However, the Westhampton Beach Village Building Department confirmed that the managers of the beachside complex have been talking to officials, although the village has not yet received an application. "I assume they do [have plans to return], but there is no application in at this time," said Paul Houlihan, Building and Zoning Administrator for Westhampton Beach, on Friday. He said he'd been contacted by several architectural firms a few weeks earlier, so he assumed that Sandpiper had put out a request for proposals and that architects were reviewing the village code as they drew up plans.

The property is "in a tough environmental zone," lying within a coastal erosion hazard area along with dunes and the flood plain, said Mr. Houlihan. A survey will be necessary and variances may be needed. The bigger obstacle will be with the Suffolk County Board of Health regarding the co-op's sewage treatment system. When the original building was erected 55 years ago, regulations were much more relaxed, and the co-op had cesspools, Mr. Houlihan said. As a multi-family use, the resort will need a sewage treatment system this time around.

"It'll be a lot of navigating and planning, and we’ll see. Can they fit everything back that they had? I'm not sure. But they'll certainly be able to rebuild," said Mr. Houlihan.

What also remains to be seen is how these changes on Dune Road will affect the village’s housing market in the long term. "I think it'll be felt more toward the end of the season and the early part of next year, because there will be more people looking for inventory,” said Ms. Cunneen. “Right now, there are more sellers coming to market.”

In the meantime, the former residents, some of whom have owned units at the Sandpiper since its inception, are eager for its return, as well as the return of their makeshift seasonal family.

“We’re sticking together and helping each other,” said Ms. Salles. “It’s a nice community of people.”

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Westhampton is dead. No oceanfront restaurants. 4 or 5 in the Village. No place for anyone under 85 to go. No one spending money. Be careful what you wish for, you just might get it.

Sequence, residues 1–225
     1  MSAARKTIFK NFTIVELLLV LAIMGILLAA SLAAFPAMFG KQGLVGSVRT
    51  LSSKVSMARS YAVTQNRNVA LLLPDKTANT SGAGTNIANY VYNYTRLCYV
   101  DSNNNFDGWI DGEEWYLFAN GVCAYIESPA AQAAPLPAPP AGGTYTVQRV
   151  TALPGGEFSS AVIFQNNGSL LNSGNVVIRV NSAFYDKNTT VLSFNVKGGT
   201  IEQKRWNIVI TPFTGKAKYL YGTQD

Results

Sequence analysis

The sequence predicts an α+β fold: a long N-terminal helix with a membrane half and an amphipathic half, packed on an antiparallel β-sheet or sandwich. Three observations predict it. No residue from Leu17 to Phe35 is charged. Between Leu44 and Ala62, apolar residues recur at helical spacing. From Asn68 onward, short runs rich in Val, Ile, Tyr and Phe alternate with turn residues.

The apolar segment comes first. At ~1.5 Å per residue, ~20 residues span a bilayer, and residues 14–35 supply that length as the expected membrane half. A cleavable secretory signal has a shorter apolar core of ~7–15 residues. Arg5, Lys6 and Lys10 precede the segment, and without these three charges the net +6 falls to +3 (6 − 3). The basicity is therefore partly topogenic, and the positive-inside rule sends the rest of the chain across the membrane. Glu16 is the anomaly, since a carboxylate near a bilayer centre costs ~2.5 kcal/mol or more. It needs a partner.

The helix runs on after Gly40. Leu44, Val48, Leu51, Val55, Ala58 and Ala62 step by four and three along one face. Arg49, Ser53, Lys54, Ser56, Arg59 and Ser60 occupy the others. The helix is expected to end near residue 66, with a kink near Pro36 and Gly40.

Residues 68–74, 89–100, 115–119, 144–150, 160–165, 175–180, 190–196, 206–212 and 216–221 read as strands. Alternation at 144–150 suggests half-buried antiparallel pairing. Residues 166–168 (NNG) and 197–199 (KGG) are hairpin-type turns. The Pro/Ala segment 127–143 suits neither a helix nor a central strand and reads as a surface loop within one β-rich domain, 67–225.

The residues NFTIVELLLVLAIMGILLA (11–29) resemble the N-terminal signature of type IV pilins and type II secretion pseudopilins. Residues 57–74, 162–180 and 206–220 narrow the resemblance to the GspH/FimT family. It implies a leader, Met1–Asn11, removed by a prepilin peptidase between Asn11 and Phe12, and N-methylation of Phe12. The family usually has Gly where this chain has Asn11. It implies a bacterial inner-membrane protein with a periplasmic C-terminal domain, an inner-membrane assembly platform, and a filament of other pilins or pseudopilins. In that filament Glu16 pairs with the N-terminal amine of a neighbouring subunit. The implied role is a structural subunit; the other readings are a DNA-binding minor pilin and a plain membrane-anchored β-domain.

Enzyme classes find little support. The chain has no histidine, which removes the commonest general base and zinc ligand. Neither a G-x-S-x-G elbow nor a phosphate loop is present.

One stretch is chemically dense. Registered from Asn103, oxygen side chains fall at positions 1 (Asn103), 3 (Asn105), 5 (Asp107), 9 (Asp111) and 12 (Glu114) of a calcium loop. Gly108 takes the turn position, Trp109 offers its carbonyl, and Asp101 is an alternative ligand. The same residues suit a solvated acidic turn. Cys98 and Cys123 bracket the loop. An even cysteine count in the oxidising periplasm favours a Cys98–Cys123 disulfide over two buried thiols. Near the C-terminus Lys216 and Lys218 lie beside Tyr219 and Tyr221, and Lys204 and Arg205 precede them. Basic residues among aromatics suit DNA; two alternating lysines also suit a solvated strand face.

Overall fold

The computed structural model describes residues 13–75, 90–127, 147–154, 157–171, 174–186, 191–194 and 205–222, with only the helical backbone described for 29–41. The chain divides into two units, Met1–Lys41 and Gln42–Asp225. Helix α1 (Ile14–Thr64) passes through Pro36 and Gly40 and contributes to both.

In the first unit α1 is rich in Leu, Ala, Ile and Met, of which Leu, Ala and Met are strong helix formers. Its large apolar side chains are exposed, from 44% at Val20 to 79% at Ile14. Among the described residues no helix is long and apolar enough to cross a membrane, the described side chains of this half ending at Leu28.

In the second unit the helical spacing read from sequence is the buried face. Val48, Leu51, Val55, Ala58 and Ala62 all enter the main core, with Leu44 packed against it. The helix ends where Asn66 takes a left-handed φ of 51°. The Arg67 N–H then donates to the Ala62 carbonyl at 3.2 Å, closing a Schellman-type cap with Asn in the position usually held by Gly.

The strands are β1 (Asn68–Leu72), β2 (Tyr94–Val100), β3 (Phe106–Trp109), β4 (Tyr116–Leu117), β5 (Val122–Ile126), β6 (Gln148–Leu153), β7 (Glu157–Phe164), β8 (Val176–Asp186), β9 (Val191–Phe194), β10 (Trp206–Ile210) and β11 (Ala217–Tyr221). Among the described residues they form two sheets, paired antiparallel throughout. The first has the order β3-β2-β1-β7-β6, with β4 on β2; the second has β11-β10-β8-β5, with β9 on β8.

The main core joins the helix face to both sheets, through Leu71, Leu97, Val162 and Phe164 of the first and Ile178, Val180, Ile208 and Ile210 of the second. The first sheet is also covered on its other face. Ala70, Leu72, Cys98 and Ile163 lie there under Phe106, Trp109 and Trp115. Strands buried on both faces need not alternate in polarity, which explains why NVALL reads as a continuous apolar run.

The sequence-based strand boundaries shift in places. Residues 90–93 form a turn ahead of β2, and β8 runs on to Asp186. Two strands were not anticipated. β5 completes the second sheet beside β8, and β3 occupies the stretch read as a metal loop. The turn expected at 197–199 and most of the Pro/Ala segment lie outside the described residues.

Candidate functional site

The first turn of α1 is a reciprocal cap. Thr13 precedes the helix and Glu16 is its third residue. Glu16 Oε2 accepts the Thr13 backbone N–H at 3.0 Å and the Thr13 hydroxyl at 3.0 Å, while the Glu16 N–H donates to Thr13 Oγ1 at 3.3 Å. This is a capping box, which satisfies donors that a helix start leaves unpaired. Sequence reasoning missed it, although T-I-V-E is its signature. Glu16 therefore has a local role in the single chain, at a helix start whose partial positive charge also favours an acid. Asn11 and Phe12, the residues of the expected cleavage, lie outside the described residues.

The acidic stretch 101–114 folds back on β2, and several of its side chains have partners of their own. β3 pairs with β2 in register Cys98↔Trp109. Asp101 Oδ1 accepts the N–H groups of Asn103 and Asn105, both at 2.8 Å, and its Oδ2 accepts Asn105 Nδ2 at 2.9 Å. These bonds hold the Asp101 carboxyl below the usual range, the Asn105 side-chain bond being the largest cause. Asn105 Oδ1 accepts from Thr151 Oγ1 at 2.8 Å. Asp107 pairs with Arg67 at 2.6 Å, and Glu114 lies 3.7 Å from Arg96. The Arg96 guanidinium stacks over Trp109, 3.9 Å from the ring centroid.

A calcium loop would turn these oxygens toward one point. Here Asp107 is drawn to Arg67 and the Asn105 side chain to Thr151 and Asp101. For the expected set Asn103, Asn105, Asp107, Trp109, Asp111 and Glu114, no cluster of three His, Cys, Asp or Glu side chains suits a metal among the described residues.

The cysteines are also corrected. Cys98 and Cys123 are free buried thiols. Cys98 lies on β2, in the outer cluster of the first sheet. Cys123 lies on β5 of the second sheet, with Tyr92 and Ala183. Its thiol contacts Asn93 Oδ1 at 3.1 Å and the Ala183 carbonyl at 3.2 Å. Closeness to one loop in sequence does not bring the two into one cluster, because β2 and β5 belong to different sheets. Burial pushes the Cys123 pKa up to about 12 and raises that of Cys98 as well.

By The Real World (352), southampton on Jun 22, 15 2:56 PM
LOL - no place for anyone under 85.
Losing Salt Water Grill was sad. It was such a nice setting. Not much left out there. And I agree, the town is pretty much a no-go zone.
By double standard (1506), Remsenburg on Jun 22, 15 5:07 PM
Westhampton is far from dead thanks to The Hampton Synagogue and the jewish oasis they created in westhamoton.
By Summer Resident (223), Southampton N.Y. on Jul 7, 15 2:06 AM
ugh so true.
By CorVaa (5), on Jul 13, 15 4:42 PM
It's a great beachy village, and has seen far better days and decades. It used to be super quaint. Now it's somewhat superficial. The best thing about it was the bowling alley, Mad Hatters and Marakesh back in the day. Movie theatre still has a good draw of performers though.

Unfortunately, like everything good out east, the developers have set their sights on yet another money making venture. Board of Health approvals are going to be.huge eye opener for the new investors. It will be ...more
By Harbor Master (105), Sag Harbor on Jun 23, 15 7:12 PM
In another 10 years this will be nothing more than a community of rich second home owners and the recent immigrant working class here to support them. Nobody in their 20's or 30's unless you're a teacher, cop, lawyer, or doctor wants to stay here year round. They don't want to live with their parents or pay 1500 to live in someones basement. Throw in nothing for them to do, no jobs, and it's a grim future.
By lirider (263), Westhampton Beach on Jun 24, 15 12:09 AM